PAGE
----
LEGO WARS "A Fun Game To Play
E.O'Dell & T.Ogrin Manual written by T.Ogrin All rights (whatever they may be) reserved. Written March 16th & 17th, 1991 "LEGO" is a registered trademark of the LEGO Bricks Company
This product was created in order to conduct miniature scale warfare using the LEGO building system, specifically the "space" line of sets. No profits were gained by the designers whatsoever, and any profits made by anyone through sale of this file are not valid. These rules are not sanctionned in any way by the LEGO Bricks Company
When designing this game, we tried to keep a number of factors in mind. First of all, we tried to keep the game incred- ibly simple, since complicated games get dull and slow. Thus, by keeping the game simple, it'll quicken the pace, providing for pulse-pounding action. Second, we wanted to have some fun with the manual and we borrowed some of the format from other wargames such as Warhammer 40,000 (by Games Workshop), though we made a few humorous changes. Third, we didn't want to have for the player to keep track of loads of data. Some games require the player to fill out reams of paper simply to begin the game, so we attempted to keep the amount of paper needed by the player to one or two sheets. Finally, we tried to keep it light-hearted. This game lends itself to silliness, since anyone who'd claim that smiley-faced guys in brightly colored space suits are the galaxy's most fearsome warriors has to be a little warped.
Anyway, we hope you think our efforts to make realistic wargaming a little more attainable were worthwhile. Thank you...
In the year AD 3500, humanity finally completed its quest to leave its home solar system. Groups of soldiers and colonists left for the nearest star systems, using the new invention of the Really Fast Drive. Going their separate ways, fifty starships left on their voyages to explore the universe.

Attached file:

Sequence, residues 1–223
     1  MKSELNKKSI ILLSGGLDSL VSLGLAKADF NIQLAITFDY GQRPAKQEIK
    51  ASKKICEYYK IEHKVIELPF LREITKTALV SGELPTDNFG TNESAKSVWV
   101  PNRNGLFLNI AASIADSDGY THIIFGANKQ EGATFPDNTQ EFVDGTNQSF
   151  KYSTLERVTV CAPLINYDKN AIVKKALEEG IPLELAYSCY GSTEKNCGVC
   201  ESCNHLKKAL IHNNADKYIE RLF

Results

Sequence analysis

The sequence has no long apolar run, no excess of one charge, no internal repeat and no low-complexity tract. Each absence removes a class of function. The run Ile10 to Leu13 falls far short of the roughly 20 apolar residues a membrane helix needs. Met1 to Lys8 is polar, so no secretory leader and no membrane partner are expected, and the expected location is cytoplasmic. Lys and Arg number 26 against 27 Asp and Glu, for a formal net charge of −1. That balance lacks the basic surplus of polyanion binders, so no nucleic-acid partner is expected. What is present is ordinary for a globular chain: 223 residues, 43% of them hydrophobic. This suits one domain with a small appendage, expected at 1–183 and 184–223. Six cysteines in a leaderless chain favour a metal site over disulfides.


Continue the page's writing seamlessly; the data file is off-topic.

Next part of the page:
These fifty groups of humans did not come in contact for approximately 11000 years. However, in AD 14746 they ran across each other in the star system of Arcturus VIII, and greeted each other with open arms, until they realized that both civilizations wanted the same planet for its valuable minerals, useful in the maintenance of the Really Fast Drives. A war broke out between the two groups of humans, sucking in the rest of the forty-eight original starship-civilizations which eventually were rediscovered during the course of the war across the galaxy.
To fight in this great war, the starship-civilizations were forced to design the most fearsome bio-genetically engineered soldiers humanity had ever seen. In 14989 the SpaceMen were born. Trained under the most gruelling conditions and forced to run the fitness trail at the local park at least *twice* a day, the SpaceMen became the most violent, murderous death dealers in all of human history. So violent, in fact, that they have been known to shoot themselves in a battle frenzy.
The war rages on to the present day, AD 15250, with no civilization gaining the upper hand on another. Wars and skirmishes are waged over planets, solar systems, even entire arms of galaxies, yet no civilization dominates for more than several hundred years.
Now the task of commanding one of these great armies of SpaceMen is your mission. To quote 4th Aldonan Guard Commander, "The enemy must die, for if he does not, then he won't be dead."
SpaceMan. The name itself instills a feeling of terror in all who hear it uttered. These proficient warriors of the galaxy have been trained from birth to be nothing but machines of terror and destruction.
When they are born, they are immediately fused to a suit of bio-mechanical machinery which alters their physiology to accept the rigors of SpaceMan Training Camp. At the age of three, the SpaceMan recruit enters the SMTC, and spends the next seventeen years in training. At the age of twenty, the freshly initiated SpaceMan is given his first suit of SpaceArmor, which will support him in practically any environment. The SpaceMan is now a full recruit and is eligible for SpaceMen's pensions and the like, when he retires at the age of 150 years (SpaceMen usually live about 200 years, due to their altered physiology).